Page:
Residents’ relief as ‘terrible’ Penwortham roads are finally repaired

Pot holes in Kingsway, Penwortham
Pot holes in Kingsway, Penwortham
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After years of campaigning, residents of Penwortham are finally seeing “awful” roads repaired.

Lancashire County Council has begun a scheme of resurfacing in the Kingsway, Queensway and Broad Oak Lane areas, which aim to rid residential streets of potholes, some several inches deep.

Penwortham County Councillor David Howarth said: “I’m very much pleased that the work is being done.

“Kingsway, Queensway and West End particularly have been really badly potholed for some time, and local residents have been calling for action.

“Unfortunately though there’s not enough money to do all the repairs that are needed, but I have asked for them to be fed into the system, and they will go on to compete for funding in the future.

“These include the bottom of Blundell Lane near the golf club, which is pretty bad and needs fixing sooner rather than later.

“Highgate is also quite bad and residents want to see something done, and the rest of West End is breaking up.”

This week work has been carried out in Kinsgway from the junction of Blundell Lane to Queensway, and at the junction of West End and Queensway. Further patching work is scheduled to be carried out on Blackthorn Drive, Belgrave Avenue, and Broad Oak Lane from March 23 to 25.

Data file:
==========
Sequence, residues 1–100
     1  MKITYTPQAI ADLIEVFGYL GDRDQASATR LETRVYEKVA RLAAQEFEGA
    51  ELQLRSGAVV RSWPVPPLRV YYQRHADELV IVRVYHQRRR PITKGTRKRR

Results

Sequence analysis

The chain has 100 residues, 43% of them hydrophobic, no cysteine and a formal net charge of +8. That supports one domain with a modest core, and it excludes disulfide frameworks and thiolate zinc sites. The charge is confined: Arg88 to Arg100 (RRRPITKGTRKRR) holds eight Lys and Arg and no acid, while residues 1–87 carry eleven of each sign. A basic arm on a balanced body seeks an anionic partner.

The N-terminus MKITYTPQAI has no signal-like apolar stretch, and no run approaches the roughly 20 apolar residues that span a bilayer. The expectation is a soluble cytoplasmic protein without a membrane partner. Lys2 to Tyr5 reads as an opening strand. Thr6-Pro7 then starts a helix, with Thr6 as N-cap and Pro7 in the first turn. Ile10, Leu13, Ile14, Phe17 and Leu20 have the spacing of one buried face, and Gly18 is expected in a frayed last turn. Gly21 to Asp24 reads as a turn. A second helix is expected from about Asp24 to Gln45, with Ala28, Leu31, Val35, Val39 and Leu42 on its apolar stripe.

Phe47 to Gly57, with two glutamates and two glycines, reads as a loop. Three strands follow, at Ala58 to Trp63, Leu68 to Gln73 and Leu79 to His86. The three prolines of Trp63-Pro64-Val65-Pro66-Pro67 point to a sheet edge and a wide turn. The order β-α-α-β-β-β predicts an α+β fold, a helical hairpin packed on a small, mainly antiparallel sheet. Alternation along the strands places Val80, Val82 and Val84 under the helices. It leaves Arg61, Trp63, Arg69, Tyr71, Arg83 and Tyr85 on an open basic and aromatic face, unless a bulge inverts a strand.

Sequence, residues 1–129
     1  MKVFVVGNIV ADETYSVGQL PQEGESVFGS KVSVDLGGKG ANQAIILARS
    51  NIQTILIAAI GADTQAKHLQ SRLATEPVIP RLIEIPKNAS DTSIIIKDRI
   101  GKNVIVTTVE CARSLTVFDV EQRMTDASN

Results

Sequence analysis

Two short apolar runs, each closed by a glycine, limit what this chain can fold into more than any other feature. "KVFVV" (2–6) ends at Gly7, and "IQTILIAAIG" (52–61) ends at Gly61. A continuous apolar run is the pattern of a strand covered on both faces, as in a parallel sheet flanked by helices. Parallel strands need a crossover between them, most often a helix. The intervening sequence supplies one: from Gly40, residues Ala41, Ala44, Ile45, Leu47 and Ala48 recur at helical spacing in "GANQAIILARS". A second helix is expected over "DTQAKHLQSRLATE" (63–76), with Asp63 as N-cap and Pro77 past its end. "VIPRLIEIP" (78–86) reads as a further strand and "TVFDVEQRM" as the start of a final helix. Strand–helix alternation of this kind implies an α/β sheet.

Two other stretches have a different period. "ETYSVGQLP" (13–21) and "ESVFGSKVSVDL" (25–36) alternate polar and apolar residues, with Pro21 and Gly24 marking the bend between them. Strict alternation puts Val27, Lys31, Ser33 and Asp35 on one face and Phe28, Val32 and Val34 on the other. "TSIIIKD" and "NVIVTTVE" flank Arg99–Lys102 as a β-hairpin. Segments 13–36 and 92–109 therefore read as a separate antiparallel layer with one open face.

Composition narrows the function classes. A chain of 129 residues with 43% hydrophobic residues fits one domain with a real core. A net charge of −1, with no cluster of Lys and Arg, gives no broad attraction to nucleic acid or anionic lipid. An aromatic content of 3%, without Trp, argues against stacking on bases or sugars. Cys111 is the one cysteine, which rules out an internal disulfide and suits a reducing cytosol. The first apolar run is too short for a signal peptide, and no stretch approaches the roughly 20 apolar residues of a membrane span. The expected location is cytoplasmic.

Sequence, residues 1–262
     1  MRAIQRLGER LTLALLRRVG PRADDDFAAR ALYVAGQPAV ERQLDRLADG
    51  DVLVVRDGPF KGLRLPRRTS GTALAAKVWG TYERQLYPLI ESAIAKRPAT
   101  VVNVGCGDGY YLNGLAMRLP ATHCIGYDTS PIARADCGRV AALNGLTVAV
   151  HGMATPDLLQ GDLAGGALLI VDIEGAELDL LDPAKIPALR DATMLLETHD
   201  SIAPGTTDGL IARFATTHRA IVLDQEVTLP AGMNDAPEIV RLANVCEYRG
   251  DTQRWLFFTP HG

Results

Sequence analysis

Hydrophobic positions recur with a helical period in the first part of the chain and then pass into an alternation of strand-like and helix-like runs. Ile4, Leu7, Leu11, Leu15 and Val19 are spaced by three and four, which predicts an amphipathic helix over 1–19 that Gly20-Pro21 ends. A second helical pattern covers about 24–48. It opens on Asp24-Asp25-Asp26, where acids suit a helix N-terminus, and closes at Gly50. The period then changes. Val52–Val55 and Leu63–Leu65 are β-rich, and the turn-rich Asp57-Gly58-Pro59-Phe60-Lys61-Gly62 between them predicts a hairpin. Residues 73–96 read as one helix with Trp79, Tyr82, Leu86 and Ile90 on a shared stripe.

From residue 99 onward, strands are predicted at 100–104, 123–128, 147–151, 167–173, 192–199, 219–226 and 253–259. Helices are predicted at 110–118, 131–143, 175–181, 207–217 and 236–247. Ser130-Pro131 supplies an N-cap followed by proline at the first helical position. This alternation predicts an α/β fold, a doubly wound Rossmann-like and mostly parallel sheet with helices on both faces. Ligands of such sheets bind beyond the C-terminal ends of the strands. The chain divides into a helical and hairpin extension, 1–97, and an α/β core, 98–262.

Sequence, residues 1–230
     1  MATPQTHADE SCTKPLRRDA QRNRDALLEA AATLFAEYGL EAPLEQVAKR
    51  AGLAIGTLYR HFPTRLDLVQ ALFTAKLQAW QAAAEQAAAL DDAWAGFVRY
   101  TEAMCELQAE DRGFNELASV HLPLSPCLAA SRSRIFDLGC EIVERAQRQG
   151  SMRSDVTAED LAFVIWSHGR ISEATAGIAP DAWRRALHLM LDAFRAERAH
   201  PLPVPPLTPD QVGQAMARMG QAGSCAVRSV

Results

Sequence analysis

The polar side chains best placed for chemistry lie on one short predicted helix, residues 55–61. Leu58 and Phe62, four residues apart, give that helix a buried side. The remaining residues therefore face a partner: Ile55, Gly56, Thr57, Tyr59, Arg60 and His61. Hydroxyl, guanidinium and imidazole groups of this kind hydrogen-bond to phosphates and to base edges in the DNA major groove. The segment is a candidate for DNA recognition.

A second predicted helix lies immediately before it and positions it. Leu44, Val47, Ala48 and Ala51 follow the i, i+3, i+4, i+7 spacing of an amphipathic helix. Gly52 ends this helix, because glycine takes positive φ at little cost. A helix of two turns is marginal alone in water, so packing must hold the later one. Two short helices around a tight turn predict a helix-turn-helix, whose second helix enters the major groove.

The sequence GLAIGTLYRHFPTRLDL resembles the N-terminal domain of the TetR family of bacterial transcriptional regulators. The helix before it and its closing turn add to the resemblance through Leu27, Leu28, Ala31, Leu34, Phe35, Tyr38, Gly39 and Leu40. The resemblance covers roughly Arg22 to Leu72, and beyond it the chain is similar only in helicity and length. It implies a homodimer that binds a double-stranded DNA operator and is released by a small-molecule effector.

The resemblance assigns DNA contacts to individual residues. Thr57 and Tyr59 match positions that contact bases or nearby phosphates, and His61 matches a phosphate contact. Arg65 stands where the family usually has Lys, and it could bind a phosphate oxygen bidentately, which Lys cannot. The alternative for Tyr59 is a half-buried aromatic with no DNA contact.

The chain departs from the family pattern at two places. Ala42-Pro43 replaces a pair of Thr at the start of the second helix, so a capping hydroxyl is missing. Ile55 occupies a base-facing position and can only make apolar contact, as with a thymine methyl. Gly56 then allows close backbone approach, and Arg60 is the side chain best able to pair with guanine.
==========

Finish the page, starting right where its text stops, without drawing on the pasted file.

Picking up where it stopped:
Paul Dunne, Lancashire County Council highways manager for South Ribble, said: “The current work in Penwortham is part of our new long-term approach to bringing our transport infrastructure up to a better standard over the next 15 years.

“The work we’re doing at the moment in Penwortham to put patches over damaged areas is part of this. The patches repair worn areas and strengthen the overall structure of the road.

“We’ll be returning in the next year to apply a ‘surface dressing’ over the patches to seal the surface and prevent water getting in which is what causes potholes in the first place.”

Coun Howarth also revealed areas of resurfacing will be in different colours and textures where Blundell Lane meets Kingsway, in a bid to reduce accidents. He sais there is a historical problem of drivers not realising it is a give-way junction.